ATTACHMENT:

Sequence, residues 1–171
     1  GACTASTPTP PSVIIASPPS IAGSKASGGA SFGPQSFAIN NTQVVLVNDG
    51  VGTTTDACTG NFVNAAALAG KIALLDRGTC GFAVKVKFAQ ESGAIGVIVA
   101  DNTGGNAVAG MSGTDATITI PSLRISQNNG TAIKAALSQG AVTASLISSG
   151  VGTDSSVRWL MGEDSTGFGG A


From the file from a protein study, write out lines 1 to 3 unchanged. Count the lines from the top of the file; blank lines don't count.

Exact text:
Sequence, residues 1–171
     1  GACTASTPTP PSVIIASPPS IAGSKASGGA SFGPQSFAIN NTQVVLVNDG
    51  VGTTTDACTG NFVNAAALAG KIALLDRGTC GFAVKVKFAQ ESGAIGVIVA